It turns out that the consumer drive failure rate does go up after three years, but all three of the first three years are pretty good. We have no data on enterprise drives older than two years, so we don’t know if they will also have an increase in failure rate. It could be that the vaunted reliability of enterprise drives kicks in after two years, but because we haven’t seen any of that reliability in the first two years, I’m skeptical.
You might object to these numbers because the usage of the drives is different. The enterprise drives are used heavily. The consumer drives are in continual use storing users’ updated files and they are up and running all the time, but the usage is lighter. On the other hand, the enterprise drives we have are coddled in well-ventilated low-vibration enclosures, while the consumer drives are in Backblaze Storage Pods, which do have a fair amount of vibration. In fact, the most recent design change to the pod was to reduce vibration.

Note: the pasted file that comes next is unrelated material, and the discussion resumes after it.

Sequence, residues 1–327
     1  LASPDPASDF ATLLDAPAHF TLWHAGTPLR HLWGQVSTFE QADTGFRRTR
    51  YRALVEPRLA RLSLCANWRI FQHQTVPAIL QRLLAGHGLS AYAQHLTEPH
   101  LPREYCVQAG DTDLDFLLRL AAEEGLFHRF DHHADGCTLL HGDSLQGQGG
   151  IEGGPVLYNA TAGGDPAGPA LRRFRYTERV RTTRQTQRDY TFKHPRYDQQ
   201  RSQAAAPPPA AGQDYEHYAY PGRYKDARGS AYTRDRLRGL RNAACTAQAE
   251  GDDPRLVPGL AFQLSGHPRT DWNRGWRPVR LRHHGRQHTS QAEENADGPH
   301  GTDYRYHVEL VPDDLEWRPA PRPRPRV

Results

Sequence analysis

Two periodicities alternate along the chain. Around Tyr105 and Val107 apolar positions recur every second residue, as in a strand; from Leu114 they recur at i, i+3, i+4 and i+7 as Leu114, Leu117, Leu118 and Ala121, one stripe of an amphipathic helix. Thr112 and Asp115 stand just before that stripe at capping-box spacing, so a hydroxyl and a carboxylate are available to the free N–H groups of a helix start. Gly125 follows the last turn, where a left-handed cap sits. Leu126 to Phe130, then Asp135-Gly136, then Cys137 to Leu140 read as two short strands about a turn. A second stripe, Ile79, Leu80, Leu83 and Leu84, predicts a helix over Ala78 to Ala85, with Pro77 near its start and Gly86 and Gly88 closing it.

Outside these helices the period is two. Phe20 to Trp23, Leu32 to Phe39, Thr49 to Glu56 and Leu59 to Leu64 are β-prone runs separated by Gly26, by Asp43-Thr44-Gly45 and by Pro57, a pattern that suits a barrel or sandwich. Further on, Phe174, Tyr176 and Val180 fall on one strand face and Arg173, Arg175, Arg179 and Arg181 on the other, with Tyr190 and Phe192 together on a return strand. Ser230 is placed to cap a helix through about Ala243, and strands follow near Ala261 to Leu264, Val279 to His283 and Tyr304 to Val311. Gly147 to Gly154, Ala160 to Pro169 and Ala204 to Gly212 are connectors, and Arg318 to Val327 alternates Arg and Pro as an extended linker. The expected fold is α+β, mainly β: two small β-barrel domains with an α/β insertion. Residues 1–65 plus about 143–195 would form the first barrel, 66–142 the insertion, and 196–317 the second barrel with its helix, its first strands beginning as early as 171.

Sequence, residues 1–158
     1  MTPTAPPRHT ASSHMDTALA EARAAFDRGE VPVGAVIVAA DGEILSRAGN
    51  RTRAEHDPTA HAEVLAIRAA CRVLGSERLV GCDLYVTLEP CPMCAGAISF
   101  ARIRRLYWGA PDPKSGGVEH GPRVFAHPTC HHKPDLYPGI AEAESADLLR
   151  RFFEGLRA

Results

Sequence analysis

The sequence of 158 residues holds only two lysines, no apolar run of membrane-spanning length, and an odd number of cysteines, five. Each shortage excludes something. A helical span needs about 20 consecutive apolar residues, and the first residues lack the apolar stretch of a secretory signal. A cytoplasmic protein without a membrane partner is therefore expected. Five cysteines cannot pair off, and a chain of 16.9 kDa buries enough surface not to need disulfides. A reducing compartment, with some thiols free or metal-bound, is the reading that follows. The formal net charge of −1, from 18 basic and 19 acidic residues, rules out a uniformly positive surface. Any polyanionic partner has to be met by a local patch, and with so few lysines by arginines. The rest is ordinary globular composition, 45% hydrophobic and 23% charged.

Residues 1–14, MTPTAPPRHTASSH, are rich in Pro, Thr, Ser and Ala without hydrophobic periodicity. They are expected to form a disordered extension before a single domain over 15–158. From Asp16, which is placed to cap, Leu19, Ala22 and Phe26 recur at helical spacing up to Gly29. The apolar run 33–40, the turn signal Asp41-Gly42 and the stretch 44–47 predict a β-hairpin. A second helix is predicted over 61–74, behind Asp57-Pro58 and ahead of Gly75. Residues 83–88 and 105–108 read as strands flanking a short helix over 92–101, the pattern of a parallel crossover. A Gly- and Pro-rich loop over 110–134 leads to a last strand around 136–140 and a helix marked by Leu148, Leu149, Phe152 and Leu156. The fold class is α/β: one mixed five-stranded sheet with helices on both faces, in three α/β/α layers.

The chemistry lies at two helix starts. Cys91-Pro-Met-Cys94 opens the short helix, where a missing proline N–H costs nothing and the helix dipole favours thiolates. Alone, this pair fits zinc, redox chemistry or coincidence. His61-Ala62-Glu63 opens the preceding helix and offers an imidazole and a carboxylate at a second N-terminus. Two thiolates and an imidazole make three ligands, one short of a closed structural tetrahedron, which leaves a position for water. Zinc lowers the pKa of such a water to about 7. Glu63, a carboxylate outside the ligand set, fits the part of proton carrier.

Overall, I argue that the enterprise drives we have are treated as well as the consumer drives. And the enterprise drives are failing more.
So, Are Enterprise Drives Worth The Cost?
From a pure reliability perspective, the data we have says the answer is clear: No.
Enterprise drives do have one advantage: longer warranties. That’s a benefit only if the higher price you pay for the longer warranty is less than what you expect to spend on replacing the drive.
This leads to an obvious conclusion: If you’re OK with buying the replacements yourself after the warranty is up, then buy the cheaper consumer drives.
The news out of Detroit on Wednesday, Dec. 3, might alter state pensions the same way the Enron bankruptcy changed 401(k) accounts back in 2001.According to the Judge Steven W. Rhodes :
“Pension benefits are a contractual right and are not entitled to any heightened protection in a municipal bankruptcy.”
This is shocking because in many US states, including Michigan, pension benefits are guaranteed by the state constitution. Each year you work, you accrue a larger pension benefit based on your tenure and salary. The guarantee not only promises the new accrual, but also that once you’ve started work, you’ll accrue future benefits at the same rate until you retire.
Until today that guarantee meant people assumed the benefit was risk free, meaning you get your pension no matter what happened to markets or your city. This sort of guarantee is extremely valuable—it was like free insurance .But states and municipalities assumed they could provide that insurance for free. That meant many states and municipalities, not just Detroit , over-promised and gave away perks they couldn’t afford.